Bulgarian archaeologists unearth second ‘vampire’ grave
Archaeologists working on Bulgaria’s Perperikon site have found the skeleton of a male buried with an iron stake plunged through its chest , a ritual practiced in the Middle Ages to prevent the individual ‘turning into the undead’. Coins found with the body have been tentatively dated to the 13th and 14th century.
It is the first finding of its kind to be made at Perperikon – a site of various religious activity for about 7000 years ago and a treasure trove that archaeologists are still not finished exploring after more than a decade of digging. However, it is not the first ‘vampire grave’ to be uncovered in Bulgaria.
The discovery echoes a similar one made in Sozopol last year. “I say that he is almost a ‘twin’ of the Sozopol [vampire] because on the left side, between his neck and chest, there is a massive ploughshare,” said Professor Nikolai Ovcharov. “In other cases we have found nails and spikes, but there is no other known case, except the one in Sozopol, where a ploughshare was used. It is a ritual to prevent undeath.”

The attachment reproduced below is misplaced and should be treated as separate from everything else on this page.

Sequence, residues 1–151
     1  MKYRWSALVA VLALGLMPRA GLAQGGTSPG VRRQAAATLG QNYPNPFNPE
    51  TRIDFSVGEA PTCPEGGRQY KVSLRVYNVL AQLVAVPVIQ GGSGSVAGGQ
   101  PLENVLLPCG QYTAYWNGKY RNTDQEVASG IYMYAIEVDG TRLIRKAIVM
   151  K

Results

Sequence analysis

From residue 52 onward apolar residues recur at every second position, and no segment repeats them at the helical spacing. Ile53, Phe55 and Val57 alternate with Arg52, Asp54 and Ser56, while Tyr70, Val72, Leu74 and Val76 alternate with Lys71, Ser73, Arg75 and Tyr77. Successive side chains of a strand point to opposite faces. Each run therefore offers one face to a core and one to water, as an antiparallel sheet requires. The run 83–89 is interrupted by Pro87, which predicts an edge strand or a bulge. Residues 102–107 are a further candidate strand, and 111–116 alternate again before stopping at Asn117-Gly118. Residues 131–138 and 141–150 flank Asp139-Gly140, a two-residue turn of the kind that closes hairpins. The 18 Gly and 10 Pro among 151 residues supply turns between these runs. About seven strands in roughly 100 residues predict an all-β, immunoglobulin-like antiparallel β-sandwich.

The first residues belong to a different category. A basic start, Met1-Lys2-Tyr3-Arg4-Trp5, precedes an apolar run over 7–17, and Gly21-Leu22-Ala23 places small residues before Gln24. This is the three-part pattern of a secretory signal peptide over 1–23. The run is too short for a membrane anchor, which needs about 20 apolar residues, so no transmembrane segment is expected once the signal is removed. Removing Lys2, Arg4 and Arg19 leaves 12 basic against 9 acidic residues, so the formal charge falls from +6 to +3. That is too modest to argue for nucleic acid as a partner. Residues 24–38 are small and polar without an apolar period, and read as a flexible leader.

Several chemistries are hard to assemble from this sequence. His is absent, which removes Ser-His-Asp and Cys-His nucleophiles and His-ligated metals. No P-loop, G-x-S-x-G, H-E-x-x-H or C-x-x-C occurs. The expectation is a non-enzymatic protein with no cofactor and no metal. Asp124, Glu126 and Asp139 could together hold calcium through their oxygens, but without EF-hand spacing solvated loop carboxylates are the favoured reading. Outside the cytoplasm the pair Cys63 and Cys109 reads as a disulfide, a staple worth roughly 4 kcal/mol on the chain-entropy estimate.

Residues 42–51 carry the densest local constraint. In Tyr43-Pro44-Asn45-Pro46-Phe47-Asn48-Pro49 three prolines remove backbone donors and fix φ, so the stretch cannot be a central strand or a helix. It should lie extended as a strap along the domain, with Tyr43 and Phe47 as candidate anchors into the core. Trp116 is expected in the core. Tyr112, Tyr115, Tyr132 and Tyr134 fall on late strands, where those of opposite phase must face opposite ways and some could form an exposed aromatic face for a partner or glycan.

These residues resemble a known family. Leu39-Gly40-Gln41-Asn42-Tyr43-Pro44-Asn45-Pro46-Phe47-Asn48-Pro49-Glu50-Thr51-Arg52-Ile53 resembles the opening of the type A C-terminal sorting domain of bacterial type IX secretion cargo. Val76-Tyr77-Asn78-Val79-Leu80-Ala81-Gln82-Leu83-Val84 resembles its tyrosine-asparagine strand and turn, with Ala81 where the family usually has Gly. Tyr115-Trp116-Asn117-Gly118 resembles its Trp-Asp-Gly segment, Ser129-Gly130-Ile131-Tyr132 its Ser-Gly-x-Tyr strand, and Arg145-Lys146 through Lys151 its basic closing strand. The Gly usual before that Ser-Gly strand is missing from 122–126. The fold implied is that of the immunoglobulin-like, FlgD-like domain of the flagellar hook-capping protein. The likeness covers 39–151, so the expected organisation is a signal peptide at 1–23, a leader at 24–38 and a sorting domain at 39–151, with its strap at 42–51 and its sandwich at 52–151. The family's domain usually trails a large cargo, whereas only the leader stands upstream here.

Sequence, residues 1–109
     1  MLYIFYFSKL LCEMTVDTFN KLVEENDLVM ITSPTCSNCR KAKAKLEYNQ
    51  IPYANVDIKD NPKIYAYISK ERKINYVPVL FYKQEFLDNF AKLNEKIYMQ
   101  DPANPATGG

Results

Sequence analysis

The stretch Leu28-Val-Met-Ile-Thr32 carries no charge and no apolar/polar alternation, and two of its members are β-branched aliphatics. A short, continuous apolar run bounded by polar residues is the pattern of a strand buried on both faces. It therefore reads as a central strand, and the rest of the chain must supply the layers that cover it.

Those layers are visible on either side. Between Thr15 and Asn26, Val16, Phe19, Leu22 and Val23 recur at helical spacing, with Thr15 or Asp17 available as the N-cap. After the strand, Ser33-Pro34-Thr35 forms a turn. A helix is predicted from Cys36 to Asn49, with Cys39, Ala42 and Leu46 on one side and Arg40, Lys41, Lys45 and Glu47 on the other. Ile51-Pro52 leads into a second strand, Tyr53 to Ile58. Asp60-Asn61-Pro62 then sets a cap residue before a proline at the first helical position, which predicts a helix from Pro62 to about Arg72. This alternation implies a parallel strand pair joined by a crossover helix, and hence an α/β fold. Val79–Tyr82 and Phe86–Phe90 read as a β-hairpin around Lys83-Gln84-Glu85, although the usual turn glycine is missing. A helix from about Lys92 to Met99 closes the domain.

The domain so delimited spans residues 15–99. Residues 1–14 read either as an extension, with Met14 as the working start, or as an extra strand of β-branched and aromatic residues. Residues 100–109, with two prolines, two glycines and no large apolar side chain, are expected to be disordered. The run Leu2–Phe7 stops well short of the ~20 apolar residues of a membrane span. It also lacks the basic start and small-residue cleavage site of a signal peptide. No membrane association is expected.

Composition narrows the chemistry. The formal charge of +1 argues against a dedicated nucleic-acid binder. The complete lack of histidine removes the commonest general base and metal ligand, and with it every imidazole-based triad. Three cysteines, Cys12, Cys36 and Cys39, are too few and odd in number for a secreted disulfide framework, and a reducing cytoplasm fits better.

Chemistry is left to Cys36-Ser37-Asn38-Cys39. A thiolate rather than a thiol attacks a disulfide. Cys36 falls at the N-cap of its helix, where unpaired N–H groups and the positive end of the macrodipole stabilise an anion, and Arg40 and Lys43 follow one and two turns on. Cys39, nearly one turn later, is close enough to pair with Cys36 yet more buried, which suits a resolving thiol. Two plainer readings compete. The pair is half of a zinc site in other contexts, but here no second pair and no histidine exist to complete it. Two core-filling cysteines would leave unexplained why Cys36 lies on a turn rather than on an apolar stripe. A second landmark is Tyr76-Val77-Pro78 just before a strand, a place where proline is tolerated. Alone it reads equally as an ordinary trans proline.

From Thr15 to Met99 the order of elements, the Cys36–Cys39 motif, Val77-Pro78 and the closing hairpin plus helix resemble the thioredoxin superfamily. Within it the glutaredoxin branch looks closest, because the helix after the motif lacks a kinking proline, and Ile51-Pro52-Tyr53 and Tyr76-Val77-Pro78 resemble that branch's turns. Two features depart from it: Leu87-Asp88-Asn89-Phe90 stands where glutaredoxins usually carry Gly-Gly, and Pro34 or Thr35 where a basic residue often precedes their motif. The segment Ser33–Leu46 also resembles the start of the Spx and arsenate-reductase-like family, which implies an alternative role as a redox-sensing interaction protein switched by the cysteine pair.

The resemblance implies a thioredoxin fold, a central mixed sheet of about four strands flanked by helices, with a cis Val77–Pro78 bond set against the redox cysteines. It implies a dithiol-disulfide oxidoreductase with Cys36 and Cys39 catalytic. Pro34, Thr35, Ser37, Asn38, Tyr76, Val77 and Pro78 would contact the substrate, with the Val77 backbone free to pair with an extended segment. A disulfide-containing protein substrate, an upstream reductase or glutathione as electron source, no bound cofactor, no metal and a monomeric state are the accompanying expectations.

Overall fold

Archaeologist Petar Valabanov, who in 2004 discovered six nailed-down skeletons at a site near the eastern Bulgarian town of Debelt, said the pagan rite had also been practised in neighbouring Serbia and other Balkan countries. Only 2 months ago we reported on the discovery of ‘vampire’ burial sites in Poland . Throughout Bulgaria, the remains of over 100 vampire-treated people, all of them men, and all of them prominent citizens, have been found.
According to pagan beliefs, people who were considered bad during their lifetimes might turn into vampires after death unless stabbed in the chest with an iron or wooden rod before being buried. People believed the rod would also pin them down in their graves to prevent them from leaving at midnight and terrorising the living. Vampire legends form an important part of the region's folklore.
The right names are Archaeologist Petar Balabanov and Djebel.